BOSTON — Brian Rosa, a 13-year-old living in Allston with his parents and younger sister, said he lives in fear of losing his family. Sony Fernandez, an immigrant from Brazil living in Fall River, said she has witnessed the disruption deportation causes among immigrant communities in the state.
“I wake up in the morning thinking, what will it be if my parents aren’t here?” Rosa told the Committee on Public Safety and Homeland Security at a packed hearing on Friday. “I go to school and come back thinking what will happen if my parents are not home?”
Rosa and Fernandez joined many supporters of a bill (H 3573/S 1401) that would limit the ways local police and federal immigration officials interact over immigration-related matters. The committee heard hours of testimony on the bill, which would also prevent local law enforcement from inquiring about immigration status.
“America was founded by immigrants seeking freedom and protection,” Fernandez said. “This legislation is addressing an ongoing problem in all these communities.”
The hearing came just ahead of a Feb. 5 deadline for most joint committees to make recommendations on most bills filed for consideration during the two-year session that began in January 2019.
Rep. Ruth Balser, a co-sponsor of the bill, said while the state legislature cannot fix national immigration policy, there are steps the state can take to make Massachusetts a “safe and welcoming place” for immigrants.
“The Safe Communities Act could make a statement that Massachusetts is a safe and welcoming place for immigrants and refugees,” she said during a press conference prior to the hearing. “My decision to be the lead House sponsor of this bill is informed in large measure by my being a Jewish American who has the historical memory of the doors of this country being closed.”
U.S. Rep. Ayanna Pressley and Boston Mayor Martin Walsh also threw their support behind the bill in separate written statements released Friday.
“The fear and anxiety of our undocumented neighbors is palpable in our communities. And it is our job as elected officials to represent our constituents and their interests,” Pressley wrote.
The Massachusetts Republican Party wrote on Thursday that the bill would “protect those who have already broken the law by crossing our borders illegally.” Bristol County Sheriff Tom Hodgson, an opponent of the bill, said communication and collaboration between local, state, and federal law enforcement needs to improve, a lesson he said he learned while working in New York City after the attacks on the World Trade Center.
“When you begin to break apart our ability to communicate with our partners, we suddenly are not able to get the information that we otherwise could have to keep somebody from either being released out of jail or from having somebody in the community not be arrested that then is going to go out and victimize more people,” he told the News Service.
The Senate adopted an Eldridge budget amendment last session on a 25-19 vote that shared many similarities with the current legislation. The measure did not survive by House and Senate budget talks.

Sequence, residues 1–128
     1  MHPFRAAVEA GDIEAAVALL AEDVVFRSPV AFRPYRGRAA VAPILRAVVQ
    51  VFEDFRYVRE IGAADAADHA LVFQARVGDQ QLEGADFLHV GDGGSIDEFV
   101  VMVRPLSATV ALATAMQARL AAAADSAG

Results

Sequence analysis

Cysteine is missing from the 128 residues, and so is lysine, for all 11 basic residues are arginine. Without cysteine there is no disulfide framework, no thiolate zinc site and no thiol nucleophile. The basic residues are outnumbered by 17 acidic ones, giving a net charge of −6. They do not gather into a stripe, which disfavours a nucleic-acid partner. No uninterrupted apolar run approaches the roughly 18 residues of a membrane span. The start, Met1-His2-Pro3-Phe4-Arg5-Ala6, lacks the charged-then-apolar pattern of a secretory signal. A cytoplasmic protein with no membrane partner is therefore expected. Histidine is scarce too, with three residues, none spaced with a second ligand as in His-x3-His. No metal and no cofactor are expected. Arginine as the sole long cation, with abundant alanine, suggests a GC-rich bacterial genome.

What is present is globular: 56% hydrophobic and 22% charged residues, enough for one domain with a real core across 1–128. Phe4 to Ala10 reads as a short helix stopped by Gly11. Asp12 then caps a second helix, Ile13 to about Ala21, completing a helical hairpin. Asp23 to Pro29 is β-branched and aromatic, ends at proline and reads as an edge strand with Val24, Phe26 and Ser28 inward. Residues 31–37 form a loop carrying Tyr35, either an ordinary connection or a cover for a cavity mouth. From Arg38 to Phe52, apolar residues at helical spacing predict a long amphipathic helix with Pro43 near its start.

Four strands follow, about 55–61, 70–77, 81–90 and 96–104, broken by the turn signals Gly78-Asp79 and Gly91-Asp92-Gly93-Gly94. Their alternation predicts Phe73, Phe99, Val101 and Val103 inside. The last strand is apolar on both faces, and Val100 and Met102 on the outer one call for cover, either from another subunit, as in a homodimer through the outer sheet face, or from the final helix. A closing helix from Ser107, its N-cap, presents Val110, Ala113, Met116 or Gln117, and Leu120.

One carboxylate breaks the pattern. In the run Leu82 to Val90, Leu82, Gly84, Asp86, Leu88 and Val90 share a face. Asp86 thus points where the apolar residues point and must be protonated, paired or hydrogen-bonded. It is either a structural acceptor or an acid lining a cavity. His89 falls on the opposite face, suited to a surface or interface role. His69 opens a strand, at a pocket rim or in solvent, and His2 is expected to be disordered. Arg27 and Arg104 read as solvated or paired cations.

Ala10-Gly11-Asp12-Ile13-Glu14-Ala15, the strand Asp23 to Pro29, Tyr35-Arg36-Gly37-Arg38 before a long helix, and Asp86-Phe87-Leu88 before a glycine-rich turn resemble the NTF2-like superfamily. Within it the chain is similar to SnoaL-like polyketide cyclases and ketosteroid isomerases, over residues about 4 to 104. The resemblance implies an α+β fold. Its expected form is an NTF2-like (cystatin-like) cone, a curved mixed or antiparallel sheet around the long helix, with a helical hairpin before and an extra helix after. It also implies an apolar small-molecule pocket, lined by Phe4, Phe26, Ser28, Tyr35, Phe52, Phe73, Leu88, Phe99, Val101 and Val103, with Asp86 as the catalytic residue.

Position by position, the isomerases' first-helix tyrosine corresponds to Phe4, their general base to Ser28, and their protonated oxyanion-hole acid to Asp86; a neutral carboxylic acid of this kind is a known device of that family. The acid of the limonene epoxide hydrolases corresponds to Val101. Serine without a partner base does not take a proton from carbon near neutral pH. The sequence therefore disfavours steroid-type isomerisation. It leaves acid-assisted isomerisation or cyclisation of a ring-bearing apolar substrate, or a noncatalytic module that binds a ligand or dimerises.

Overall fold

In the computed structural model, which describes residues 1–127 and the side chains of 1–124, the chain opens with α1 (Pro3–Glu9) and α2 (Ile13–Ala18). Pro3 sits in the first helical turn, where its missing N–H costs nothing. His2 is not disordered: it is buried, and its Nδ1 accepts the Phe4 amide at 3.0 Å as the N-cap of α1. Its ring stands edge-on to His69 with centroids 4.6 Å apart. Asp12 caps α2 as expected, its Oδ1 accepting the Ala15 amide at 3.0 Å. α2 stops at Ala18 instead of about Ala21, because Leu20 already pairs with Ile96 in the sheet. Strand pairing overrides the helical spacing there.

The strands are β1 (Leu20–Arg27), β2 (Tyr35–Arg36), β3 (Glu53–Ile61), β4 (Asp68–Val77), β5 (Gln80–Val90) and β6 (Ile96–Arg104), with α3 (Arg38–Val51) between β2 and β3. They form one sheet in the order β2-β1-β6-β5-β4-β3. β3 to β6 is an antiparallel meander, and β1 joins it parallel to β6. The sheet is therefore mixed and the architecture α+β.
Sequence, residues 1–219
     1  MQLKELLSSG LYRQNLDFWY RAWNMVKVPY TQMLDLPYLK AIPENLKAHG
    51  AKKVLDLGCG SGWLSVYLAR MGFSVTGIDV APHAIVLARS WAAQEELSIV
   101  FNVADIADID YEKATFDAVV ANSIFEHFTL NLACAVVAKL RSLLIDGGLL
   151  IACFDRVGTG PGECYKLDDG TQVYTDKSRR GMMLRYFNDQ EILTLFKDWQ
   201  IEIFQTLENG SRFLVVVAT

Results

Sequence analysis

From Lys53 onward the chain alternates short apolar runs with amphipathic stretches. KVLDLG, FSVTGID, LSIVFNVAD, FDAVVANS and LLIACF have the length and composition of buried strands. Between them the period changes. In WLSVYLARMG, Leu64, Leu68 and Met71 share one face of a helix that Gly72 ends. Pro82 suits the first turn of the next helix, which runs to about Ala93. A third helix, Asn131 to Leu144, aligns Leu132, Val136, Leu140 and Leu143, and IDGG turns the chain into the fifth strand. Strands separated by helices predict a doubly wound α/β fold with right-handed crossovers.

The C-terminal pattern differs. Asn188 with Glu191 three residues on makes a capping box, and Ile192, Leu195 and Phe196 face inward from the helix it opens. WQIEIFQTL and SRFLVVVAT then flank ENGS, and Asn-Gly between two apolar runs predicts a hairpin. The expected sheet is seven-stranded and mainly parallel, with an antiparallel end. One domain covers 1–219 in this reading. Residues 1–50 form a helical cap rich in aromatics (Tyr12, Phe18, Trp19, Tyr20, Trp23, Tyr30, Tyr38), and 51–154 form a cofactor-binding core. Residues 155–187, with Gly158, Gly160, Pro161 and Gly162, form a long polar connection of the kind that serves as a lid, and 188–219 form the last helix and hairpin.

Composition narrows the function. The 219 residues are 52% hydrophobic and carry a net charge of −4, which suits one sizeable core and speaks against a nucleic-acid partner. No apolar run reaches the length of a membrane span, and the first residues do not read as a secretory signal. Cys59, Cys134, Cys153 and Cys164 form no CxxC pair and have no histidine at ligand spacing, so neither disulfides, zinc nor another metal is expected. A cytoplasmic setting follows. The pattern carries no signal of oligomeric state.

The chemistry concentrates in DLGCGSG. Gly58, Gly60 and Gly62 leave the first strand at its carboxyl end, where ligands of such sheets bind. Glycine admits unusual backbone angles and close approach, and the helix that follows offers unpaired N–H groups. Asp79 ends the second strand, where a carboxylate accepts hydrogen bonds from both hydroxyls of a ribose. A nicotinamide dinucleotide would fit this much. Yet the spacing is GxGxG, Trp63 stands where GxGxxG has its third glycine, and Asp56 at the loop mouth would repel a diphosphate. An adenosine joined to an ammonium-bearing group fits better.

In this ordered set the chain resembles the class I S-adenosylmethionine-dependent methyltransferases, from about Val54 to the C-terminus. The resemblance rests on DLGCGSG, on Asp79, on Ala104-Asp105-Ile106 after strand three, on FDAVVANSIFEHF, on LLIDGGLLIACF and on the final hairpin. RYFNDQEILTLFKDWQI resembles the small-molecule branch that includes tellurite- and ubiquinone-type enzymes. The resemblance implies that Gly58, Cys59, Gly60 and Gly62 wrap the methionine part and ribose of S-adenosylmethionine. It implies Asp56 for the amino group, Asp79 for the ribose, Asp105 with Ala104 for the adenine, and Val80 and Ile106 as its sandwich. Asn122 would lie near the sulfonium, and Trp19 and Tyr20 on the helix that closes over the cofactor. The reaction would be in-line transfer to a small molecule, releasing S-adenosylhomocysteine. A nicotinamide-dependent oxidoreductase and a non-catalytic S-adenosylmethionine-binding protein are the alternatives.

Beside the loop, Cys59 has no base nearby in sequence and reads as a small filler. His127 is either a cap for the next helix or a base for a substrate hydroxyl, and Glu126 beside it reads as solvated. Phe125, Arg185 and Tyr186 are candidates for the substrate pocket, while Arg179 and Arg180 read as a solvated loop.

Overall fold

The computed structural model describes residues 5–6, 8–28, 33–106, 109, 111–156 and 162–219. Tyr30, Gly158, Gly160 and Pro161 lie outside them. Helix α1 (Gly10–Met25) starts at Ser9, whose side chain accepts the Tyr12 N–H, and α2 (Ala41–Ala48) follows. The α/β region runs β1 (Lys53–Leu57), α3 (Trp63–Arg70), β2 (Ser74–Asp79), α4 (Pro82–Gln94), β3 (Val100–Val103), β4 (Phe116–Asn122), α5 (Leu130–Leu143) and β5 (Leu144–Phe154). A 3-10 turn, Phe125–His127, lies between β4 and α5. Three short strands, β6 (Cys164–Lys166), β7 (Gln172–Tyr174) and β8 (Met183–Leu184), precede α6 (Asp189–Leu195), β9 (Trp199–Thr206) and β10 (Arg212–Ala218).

The issue became a flashpoint in then Ways and Means Chairman Jeffrey Sanchez’s unsuccessful reelection campaign. Sanchez was the co-author of the legislation, along with Eldridge, and headed up the House’s budget negotiations. His opponent, Rep. Nika Elugardo, repeatedly criticized him for failing to push through the state immigration protection law.
This session’s legislation states that the Department of Correction, state police, sheriff departments, and city or town police departments cannot perform the functions of an immigration officer. U.S. Department of Homeland Security, state, and local enforcement agencies can only conduct interviews, including informal questioning, for immigration purposes only if the individual provides “informed consent” in writing.
Officers or employees of law enforcement agencies also would be unable to notify DHS if someone is about to be released from state or local custody except if their sentence is ending, under the bill. The bill does not, however, prevent state or local agencies from sending or receiving information regarding immigration status from local, state, or federal entities.
In one tense exchange following testimony from Rep. Liz Miranda, Balser, and Eldridge, Rep. Peter Durant began questioning a story Eldrige had told where the Acton senator visited constituents whose father was deported following a traffic stop. The individual had overstayed his travel visa.
“In my opinion just being caught for speeding should not be grounds for deportation,” Eldridge said to Durant.
Durant pointedly asked Eldridge whether or not he and the other co-sponsors of the legislation were in favor of open borders.
Balser, defending the bill, said the question wasn’t relevant to the bill. Durant continued pressing the sponsors on what activity would allow for deportation.
“Nothing in this bill limits police from responding to criminal activity,” Balser said. “Nothing in this bill prevents federal and state and local officials from communicating with each other about criminal activity. That’s not what this bill does.”
Durant followed up by trying to determine what a deportable offense would look like.
“What constitutes a criminal activity and what would constitute something that allows for deportation?” Durant said. “Wouldn’t we suggest that this particular gentleman had at least committed some crime?”